It can be scary to listen, and risk being unheard or proven wrong. It’s more convenient to shut others down and minimize our own vulnerability. But as long as we’re fighting, nobody’s right. If we stop yelling and start talking, we’ll hear and be heard. Eventually, we’ll find some answers in common.

“Anything that gives light must endure burning.” – Ethan Hawke, Rules for a Knight

There are millions of people in the world who want to make it better. We each see the truth with different eyes, and I love that. It’s what makes life interesting. I just hope we can be honest and committed to understanding one another.

This might not always be easy. I’ll be the first to admit that I’ve got a lot to learn. I created this blog to start over, and I’m proud of what we’ve built, together. Let’s keep growing!

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(Image: @lildebsunflower)

Thanks to ratings-driven news networks, hate is pretty loud. But the ones who ultimately write history are the ones who win. I am in awe of everyone who connected with me this week. You’ve taught me so much in sharing your stories, hearing each other, and resolving conflict together. By having the courage to take action, to speak, and to listen… you are inspiring change.

The lighthouse stands alone. But by doing so, it saves lives. So if conflict has you feeling hopeless, stop swimming in it. Stand tall. Show them what it’s like to be awake. And if you feel alone, squint your eyes and watch. There’s another light in the distance, waving with the same intention.

It’s me. Hi. I love you.

We have a lot of growing to do, but humanity is alive and well. If Darkness is the absence of Light, our solution is to simply shine. As long as I’m writing, you’re reading, and we’re both sharing our stories…you and I are persevering. We’re facilitating understanding. We’re taking action. Moving forward.

Let’s talk.



We All Know Him.

I’ve met my own Brock Turner.

That said, I’m pretty sure most of us (if not all) have come across a few versions of him at some point in our lives. At best, we know him as a mere acquaintance who ‘does dumb stuff at parties,’ but is ‘a really good guy at heart.’ At worst, we know him as the boyfriend/classmate/relative/friend who does the unthinkable…and either nobody believes that he did it, or they do and nothing happens.


Most guys like Brock Turner never even go to jail. And most girls, like the one he raped, are forced to live with the consequences. 1 in 5 of us, in fact– according to statistics. But when I align that number with my own personal experience and that of my friends, it’s the majority (not the minority) who have been sexually assaulted at least once. I can count on one hand the number of girlfriends I had in college who had never been sexually assaulted in some form.

That’s bad. Really bad. How is that number even possible?

“Firstly, in case you were laboring under the misapprehension, a rapist isn’t a person who hangs around in dark alleys waiting for vulnerable young women. Men who rape are, at least in the vast majority, men like Turner. They have favorite foods, hobbies and friends. Their families love them. They go to parties. Stopping men like Turner doesn’t mean looking for psychopaths; it means addressing how nice, educated ostensibly normal men end up raping women.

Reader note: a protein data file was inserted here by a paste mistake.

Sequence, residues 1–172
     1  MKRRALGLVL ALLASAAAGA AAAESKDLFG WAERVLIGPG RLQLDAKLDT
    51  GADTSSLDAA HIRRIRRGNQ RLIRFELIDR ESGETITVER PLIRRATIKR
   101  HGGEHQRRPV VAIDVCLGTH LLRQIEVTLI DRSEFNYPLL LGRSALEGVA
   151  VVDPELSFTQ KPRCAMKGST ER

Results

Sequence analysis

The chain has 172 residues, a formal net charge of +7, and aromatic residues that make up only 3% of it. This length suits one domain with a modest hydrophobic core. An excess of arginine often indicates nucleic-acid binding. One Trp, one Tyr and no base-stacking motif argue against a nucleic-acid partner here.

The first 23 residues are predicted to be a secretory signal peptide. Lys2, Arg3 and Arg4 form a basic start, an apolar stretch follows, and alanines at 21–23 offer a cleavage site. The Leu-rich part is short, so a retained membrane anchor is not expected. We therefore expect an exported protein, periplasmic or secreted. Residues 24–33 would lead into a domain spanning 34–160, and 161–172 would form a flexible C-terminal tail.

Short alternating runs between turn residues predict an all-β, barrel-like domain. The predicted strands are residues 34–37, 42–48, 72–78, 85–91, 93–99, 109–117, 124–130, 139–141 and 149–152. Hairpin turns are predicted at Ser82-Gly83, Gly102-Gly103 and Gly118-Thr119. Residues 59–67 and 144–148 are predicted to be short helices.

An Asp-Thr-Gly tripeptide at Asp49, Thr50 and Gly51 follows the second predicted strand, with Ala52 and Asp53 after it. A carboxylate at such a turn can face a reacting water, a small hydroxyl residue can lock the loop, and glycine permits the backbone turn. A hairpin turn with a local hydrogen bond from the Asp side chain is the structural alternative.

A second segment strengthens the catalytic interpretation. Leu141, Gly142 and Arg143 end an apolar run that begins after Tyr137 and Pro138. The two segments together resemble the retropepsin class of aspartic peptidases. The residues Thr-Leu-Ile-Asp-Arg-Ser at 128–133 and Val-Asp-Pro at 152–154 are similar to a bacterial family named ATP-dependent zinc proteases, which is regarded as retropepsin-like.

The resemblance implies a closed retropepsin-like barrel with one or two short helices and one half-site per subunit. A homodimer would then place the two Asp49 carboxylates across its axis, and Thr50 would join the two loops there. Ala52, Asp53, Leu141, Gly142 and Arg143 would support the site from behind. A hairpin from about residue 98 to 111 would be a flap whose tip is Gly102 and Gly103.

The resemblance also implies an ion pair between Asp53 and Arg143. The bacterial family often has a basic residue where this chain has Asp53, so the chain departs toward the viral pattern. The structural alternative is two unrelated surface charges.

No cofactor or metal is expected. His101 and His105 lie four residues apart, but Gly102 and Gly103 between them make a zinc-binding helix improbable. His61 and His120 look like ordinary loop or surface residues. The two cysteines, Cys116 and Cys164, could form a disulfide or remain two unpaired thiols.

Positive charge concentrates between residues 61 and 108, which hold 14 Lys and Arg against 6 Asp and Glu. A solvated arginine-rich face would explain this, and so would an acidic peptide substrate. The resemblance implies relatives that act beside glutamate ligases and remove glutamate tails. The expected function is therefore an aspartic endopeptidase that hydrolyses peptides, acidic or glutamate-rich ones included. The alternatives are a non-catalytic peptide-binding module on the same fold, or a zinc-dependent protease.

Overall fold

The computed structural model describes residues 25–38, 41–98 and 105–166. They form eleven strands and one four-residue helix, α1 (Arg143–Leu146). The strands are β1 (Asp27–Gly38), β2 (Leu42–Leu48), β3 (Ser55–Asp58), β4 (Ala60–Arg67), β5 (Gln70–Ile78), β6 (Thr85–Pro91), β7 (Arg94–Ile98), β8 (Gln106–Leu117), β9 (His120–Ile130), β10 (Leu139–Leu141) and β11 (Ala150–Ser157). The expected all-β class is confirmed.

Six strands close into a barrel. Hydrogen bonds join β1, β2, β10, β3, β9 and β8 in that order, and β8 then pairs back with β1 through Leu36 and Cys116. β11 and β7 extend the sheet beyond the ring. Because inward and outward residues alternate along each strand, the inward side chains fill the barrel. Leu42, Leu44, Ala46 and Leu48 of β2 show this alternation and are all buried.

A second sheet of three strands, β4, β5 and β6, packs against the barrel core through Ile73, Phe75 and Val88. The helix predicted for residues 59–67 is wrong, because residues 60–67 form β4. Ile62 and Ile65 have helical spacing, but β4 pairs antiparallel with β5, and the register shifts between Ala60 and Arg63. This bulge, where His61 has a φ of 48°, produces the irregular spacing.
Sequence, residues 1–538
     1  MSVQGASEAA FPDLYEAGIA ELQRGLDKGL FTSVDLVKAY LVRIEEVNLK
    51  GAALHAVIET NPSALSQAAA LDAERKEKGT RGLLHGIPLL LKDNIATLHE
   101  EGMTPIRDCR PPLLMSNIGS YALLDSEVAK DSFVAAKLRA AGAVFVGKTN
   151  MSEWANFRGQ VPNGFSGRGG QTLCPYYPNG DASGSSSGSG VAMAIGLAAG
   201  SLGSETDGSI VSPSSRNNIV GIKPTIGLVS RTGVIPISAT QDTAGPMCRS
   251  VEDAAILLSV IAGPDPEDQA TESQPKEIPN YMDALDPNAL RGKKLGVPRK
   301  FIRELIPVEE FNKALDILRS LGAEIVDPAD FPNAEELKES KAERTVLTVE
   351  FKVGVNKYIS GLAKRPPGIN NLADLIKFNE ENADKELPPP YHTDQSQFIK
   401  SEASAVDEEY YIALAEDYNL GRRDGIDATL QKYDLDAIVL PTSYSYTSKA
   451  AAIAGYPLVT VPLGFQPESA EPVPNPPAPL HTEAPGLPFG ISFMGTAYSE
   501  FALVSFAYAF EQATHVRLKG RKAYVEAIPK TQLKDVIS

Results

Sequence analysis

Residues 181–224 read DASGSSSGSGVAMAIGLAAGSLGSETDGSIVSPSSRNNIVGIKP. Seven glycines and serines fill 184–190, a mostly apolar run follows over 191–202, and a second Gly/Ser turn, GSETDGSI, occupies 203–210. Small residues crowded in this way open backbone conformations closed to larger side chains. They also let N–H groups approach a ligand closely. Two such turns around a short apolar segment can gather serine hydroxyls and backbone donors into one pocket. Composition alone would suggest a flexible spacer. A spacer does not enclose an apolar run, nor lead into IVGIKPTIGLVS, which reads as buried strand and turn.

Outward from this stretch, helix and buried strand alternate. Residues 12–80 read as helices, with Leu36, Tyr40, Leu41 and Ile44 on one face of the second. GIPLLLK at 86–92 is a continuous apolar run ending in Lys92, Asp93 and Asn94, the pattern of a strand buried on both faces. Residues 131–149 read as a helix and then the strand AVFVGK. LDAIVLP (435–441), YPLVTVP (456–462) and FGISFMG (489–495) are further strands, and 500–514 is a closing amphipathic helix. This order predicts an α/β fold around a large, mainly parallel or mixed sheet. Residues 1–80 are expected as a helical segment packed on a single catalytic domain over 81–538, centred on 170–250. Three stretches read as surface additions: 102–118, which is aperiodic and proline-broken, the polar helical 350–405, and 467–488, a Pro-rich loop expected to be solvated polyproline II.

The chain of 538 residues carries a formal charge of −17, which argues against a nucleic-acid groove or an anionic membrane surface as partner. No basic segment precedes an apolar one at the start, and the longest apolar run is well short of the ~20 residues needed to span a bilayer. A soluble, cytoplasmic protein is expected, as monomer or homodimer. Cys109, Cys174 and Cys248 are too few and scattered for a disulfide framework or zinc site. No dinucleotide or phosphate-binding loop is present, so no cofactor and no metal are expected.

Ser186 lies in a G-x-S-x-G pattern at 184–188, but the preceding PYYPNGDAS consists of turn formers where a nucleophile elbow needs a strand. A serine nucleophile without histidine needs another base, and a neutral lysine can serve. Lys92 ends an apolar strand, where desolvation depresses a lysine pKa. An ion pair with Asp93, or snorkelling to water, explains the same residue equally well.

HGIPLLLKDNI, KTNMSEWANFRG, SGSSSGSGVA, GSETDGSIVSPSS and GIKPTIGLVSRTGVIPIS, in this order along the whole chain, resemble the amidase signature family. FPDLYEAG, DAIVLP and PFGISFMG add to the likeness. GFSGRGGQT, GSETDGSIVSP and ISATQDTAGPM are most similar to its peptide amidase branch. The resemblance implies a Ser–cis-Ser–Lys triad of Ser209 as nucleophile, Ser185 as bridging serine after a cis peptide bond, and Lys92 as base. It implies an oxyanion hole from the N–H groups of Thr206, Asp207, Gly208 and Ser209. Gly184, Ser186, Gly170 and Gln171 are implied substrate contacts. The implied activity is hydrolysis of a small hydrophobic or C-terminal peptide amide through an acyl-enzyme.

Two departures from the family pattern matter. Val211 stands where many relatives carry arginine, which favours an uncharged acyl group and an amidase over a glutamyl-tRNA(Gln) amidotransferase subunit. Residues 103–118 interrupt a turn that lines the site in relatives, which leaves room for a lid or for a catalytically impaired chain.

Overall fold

“And that means facing up to the truth – all of us, including Turner himself who, in his own court statement, refused to accept responsibility for his actions and repeatedly laid the blame on booze.

“He was willing to slut-shame his victim and absolve himself of responsibility, rather than accept that what he did was wrong. We cannot allow this to continue. There is no amount of alcohol in the world that would make having sex with an unconscious woman acceptable.” – (Source)

We picture rapists as strangers attacking women who walk alone at night. But that’s probably the least common scenario.

Most of us don’t recognize rapists as manipulative boyfriends, drunk classmates at parties, or over-entitled guys who think they can coerce their way out of the ‘friend zone.’ We ignore them, make excuses for them, or even egg them on.

That’s how Brock became “Brock Turner.”

The night he raped a woman behind a dumpster, Brock took a photo of her naked breasts and sent it to his buddies in a group chat. Judging from the screenshots that surfaced online, none of his friends seemed to think this was weird.

Dude-bros: If your buddy sends you a nude photo of a woman he’s purportedly just had sex with, what’s your reaction? Do you ask him if he had her permission to photograph her and send it to people? Do you call him out on his behavior? Do you say anything? If you react with a smile, laugh, or a ‘way to go, buddy’ – you are part of the problem. I (personally) know too many guys who have sent (or been sent) nude photos of women without having permission. And it’s terrifying.

Humanity takes a backseat the second a human body becomes a thing and not a person. Brock saw this woman as his plaything, not his equal. It’s the frighteningly “normal” perspective of a young college jock who will do anything to impress his friends and massage his own ego.

You probably know a Brock Turner, or two. It’s also likely that you know someone who has (or will be) raped by one. Doing nothing, ‘brushing it off’ and egging on dangerous behavior just makes you guilty by association.

Our behavior (and reactions to other people’s behavior) shapes society. And we (as a society) shaped Brock Turner. 

Too many victims are afraid to admit (even to themselves) what happened to them. Too many rapists – and their circle of friends/family – refuse to recognize force, coercion, and manipulation (with alcohol, guilt, threats, or other means) as wrong. By blinding ourselves to what’s happening, we protect our rapists and influence new ones.